As though this isn’t bad enough, of those email accounts that were affected, over 150,000 came from FBI, CIA, White House, and other government and military employees. This means that this data breach has put not only the public’s personal information at risk, but also information related to our national security. “It’s a leak that could allow foreign intelligence services to identify employees and hack their personal and work accounts, posing a threat to national security,” a Bloomberg article noted on the Yahoo breach.

Yahoo plans to contact to those users who might have been affected in either of these breaches via email. The company also provides a help link to aid users in recognizing whether or not their accounts have been hacked. Yahoo says that if any of the following are true of your account, you should update your password and recovery information with them.

  • You’re not receiving any emails.
  • Your Yahoo Mail is sending spam to your contacts.
  • Your account info or settings were changed without your knowledge.
  • You see logins from unexpected locations on your recent activity page.

The Healthcare Industry

Healthcare was affected by cybersecurity threats heavily in 2016. Hospitals and other providers were the primary targets of ransomware threats and there were a significant amount of data breaches as well. Though no single breach came anywhere close to the number of infected users as the Yahoo breach, there were many breaches that resulted in the number of users infected adding up quickly.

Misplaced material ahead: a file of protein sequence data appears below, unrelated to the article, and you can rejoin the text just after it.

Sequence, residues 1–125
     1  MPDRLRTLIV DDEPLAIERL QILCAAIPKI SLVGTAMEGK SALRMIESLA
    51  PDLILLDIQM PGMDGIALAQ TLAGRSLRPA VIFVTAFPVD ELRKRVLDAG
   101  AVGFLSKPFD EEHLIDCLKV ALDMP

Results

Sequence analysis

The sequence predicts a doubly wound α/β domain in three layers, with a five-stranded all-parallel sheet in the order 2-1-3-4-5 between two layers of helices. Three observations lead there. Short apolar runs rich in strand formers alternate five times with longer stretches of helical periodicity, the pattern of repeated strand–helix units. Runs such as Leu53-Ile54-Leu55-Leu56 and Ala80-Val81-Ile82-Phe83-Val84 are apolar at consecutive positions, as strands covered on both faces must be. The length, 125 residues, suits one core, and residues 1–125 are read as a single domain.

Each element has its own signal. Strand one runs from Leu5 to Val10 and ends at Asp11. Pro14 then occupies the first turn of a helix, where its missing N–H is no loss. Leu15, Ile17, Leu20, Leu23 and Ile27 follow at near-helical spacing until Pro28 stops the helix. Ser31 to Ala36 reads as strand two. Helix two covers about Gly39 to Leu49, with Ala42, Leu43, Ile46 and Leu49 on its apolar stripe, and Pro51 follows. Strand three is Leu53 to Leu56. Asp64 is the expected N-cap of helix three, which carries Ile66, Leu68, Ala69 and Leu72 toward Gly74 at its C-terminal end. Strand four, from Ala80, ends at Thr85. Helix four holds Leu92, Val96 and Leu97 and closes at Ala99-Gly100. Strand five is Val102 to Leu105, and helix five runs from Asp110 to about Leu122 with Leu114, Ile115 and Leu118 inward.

The largest of these breaches was against Banner Health in Phoenix, Arizona, which impacted 3.62 million individuals. The breach happened over the months of June and July earlier this year. Banner Health discovered unusual activity on its computer servers in late June and found evidence of two attacks. In these attacks, hackers accessed both patient records and credit- and debit-card transaction records from customers who had purchased food and beverages at the hospital. They sent physical letters in the mail to their affected customers to notify them of the breach, but the center’s image took a serious hit after exposing so much of the Phoenix area’s data.